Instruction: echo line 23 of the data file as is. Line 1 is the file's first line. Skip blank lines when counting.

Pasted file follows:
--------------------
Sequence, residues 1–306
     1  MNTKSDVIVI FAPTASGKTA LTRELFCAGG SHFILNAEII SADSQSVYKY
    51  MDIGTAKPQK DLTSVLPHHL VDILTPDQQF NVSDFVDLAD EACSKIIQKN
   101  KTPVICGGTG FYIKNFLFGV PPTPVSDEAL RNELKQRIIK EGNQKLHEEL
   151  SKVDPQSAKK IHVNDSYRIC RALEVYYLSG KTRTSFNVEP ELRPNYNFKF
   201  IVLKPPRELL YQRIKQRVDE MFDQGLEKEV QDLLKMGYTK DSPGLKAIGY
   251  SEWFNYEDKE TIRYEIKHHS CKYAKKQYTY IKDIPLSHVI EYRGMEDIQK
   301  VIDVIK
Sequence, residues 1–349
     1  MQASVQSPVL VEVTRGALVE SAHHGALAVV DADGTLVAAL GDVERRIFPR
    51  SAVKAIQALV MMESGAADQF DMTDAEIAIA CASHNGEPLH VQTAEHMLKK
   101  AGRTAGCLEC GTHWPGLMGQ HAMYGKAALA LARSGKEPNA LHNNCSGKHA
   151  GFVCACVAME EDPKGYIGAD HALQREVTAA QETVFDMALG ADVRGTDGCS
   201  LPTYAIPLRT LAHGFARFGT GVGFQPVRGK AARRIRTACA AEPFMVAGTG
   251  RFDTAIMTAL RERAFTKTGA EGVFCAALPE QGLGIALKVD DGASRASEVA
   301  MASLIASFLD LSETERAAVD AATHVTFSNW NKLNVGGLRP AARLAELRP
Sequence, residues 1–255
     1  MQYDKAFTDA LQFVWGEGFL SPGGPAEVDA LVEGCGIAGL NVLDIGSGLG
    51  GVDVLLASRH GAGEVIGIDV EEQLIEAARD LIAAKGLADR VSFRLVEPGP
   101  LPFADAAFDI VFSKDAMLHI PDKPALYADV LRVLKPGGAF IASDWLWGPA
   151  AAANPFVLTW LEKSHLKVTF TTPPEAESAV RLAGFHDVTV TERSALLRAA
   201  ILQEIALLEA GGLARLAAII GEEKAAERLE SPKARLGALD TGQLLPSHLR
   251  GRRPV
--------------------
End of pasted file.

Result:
   251  GRRPV